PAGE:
“The government is briefing mainstream media and teaching patriotic journalism on the one hand, and on the other hand is launching a crackdown on critical voices in the media,” said Onderoglu. “In a process of conflict, war or deep political crisis, is when you need more discussion, a more value approach to evaluate problems.”

Many of those detained were in Turkey’s predominantly Kurdish southeast, but there also have been arrests in western cites. In Istanbul, prosecutors have launched 57 investigations over accusations of spreading terrorist propaganda against the operation on social media.

Arrest warrants have been issued for 30 people in Istanbul and Ankara. The crimes they are accused of include “insulting public officials,” “inciting hatred and enmity among people,” “insulting the president,” “humiliating the Turkish people, government and the military organization overtly,” and “propagating terrorist organization” for their posts on Twitter. Some of those detained have been subsequently released.

“There is a big crackdown under way against people who are tweeting,” warned Emma Sinclair-Webb, chief researcher for U.S.-based Human Rights Watch. “These are tweets by members of the public, by journalists and also by opposition party officials, as well. We are also hearing of lots of detentions by HDP officials in different towns, people being detained late at night and raiding HDP offices in certain towns.”

Analysts point out the crackdown is likely to be fueled by government fears of social unrest by Turkey’s large Kurdish minority.

In 2014, the siege of the Syrian Kurdish city of Kobani by the Islamic State group saw unprecedented numbers of Kurds protesting in Turkey against the government, accusing it of complicity with the jihadists.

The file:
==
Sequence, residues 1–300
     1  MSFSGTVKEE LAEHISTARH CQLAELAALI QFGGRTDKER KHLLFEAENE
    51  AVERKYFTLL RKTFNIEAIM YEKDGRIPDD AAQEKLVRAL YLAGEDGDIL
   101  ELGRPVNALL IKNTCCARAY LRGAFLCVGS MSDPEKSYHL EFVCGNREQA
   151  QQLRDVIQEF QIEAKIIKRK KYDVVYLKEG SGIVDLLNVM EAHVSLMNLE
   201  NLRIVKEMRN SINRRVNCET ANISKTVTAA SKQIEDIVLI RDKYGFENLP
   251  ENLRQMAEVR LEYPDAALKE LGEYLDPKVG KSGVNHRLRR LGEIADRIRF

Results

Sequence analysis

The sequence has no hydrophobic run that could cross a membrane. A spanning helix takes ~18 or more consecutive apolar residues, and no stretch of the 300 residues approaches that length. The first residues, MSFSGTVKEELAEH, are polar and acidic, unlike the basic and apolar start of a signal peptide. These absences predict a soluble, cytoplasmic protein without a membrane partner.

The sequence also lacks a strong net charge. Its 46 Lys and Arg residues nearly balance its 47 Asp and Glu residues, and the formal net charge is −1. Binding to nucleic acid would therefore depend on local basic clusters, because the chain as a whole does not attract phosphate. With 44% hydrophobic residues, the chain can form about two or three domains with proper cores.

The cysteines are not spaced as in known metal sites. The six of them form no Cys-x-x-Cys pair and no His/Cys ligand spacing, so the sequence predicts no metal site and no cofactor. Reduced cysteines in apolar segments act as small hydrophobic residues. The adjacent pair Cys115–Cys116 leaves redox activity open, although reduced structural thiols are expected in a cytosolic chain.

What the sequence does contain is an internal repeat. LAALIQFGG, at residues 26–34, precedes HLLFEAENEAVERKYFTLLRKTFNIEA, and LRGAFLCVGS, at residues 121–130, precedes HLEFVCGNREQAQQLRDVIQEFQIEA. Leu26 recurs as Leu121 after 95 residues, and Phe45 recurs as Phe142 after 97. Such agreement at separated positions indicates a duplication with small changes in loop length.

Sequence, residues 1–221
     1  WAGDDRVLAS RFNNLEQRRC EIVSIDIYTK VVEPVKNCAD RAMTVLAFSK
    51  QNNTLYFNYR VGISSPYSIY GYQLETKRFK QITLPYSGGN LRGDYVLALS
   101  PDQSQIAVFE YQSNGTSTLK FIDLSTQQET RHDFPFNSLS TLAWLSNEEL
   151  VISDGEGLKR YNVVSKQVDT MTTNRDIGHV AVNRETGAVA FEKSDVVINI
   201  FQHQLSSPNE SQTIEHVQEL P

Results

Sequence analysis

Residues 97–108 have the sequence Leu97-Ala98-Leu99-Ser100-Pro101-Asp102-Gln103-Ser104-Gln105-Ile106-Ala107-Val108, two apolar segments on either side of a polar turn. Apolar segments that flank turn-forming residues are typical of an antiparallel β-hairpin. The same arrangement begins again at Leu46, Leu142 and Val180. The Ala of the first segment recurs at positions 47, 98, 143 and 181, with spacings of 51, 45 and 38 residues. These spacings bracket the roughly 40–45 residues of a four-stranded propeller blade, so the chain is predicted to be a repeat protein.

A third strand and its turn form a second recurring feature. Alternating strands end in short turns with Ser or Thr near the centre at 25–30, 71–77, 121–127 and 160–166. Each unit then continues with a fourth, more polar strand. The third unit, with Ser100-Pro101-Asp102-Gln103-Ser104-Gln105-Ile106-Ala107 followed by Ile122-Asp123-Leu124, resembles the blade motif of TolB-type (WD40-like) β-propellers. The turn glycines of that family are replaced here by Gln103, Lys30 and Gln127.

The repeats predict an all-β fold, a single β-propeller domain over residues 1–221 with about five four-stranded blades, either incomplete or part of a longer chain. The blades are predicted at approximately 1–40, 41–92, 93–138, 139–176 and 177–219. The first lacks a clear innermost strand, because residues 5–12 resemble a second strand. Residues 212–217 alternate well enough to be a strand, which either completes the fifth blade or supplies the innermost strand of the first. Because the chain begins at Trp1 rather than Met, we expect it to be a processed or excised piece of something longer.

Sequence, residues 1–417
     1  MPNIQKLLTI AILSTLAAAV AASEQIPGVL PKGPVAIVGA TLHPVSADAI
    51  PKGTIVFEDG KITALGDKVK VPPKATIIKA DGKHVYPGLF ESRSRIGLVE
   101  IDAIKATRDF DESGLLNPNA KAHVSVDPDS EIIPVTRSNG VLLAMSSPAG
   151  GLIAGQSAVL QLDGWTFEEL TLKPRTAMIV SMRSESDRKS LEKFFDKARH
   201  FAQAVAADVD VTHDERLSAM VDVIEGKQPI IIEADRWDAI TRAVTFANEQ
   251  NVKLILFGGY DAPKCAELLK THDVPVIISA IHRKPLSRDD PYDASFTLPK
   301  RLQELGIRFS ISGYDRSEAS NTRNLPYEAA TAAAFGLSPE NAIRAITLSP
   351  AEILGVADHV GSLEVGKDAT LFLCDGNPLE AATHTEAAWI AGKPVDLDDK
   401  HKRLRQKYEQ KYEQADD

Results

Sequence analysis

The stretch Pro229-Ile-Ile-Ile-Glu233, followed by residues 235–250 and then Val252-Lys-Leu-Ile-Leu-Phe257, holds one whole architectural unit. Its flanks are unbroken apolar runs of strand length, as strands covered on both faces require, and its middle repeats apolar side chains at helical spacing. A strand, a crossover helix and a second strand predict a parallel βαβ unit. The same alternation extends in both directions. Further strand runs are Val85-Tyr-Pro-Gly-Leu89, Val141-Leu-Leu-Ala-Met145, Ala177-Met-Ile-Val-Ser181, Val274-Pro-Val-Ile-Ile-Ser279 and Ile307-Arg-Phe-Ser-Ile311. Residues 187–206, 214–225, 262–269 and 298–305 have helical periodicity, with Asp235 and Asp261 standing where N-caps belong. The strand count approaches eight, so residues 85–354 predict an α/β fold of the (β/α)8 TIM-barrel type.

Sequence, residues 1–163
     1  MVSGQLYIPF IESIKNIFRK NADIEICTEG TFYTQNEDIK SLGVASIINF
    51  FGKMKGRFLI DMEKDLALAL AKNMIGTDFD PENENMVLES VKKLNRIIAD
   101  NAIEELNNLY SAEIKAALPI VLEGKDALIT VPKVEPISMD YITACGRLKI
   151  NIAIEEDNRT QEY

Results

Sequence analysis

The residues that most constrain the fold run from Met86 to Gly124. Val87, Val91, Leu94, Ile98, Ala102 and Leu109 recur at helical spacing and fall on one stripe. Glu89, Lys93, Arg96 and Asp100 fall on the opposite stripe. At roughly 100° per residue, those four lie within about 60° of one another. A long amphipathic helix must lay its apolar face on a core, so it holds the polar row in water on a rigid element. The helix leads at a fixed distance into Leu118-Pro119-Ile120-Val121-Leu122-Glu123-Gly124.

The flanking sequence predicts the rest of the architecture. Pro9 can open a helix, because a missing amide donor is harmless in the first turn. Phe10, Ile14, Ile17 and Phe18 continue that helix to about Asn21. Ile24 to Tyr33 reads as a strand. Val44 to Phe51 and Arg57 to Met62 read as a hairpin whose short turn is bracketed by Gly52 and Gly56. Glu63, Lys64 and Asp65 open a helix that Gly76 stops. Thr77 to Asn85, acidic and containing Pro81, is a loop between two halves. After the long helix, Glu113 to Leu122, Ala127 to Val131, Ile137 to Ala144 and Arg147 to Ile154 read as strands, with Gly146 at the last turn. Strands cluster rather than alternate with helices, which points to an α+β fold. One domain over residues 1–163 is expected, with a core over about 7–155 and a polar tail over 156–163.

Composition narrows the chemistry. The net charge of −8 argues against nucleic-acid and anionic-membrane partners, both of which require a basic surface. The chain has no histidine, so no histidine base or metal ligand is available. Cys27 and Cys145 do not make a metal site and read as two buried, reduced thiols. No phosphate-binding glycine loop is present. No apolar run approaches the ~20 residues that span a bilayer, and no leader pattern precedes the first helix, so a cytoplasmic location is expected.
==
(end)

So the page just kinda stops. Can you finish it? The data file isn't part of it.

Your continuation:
Turkey's President Recep Tayyip Erdogan speaks during the funeral prayers for Sergeant Musa Ozalkan, the first Turkish soldier to be killed in Turkey's cross-border Operation Olive Branch in northern Syria, in Ankara, Turkey, Jan. 23, 2018.
Turkey's President Recep Tayyip Erdogan speaks during the funeral prayers for Sergeant Musa Ozalkan, the first Turkish soldier to be killed in Turkey's cross-border Operation Olive Branch in northern Syria, in Ankara, Turkey, Jan. 23, 2018.

The protests were not confined to Turkey's predominately Kurdish southeast; protests took place in many western cities where large numbers of Kurds live. Analysts say the magnitude of the unrest, which claimed more than 50 lives, shook President Recep Tayyip Erdogan.

The government blamed social media for exacerbating the unrest. In a series of televised speeches and public rallies across the country, Erdogan made clear he will not tolerate any dissent this time over the ongoing military operation in Afrin.

“Do not go out to the squares. Those who come out of the square will pay a heavy price,” warned Erdogan at a rally Sunday.

“The government here, it's afraid of street protests and it's very clear it's going to ban street protests,” said Sinclair-Webb. “We've seen this in Istanbul where people have not been able to assemble and protest. To protest is a right in the Turkish law. Even if the government has concerns about these protests potentially spiraling into violence, you cannot ban the right to assembly and that is what they seem to be trying to do.”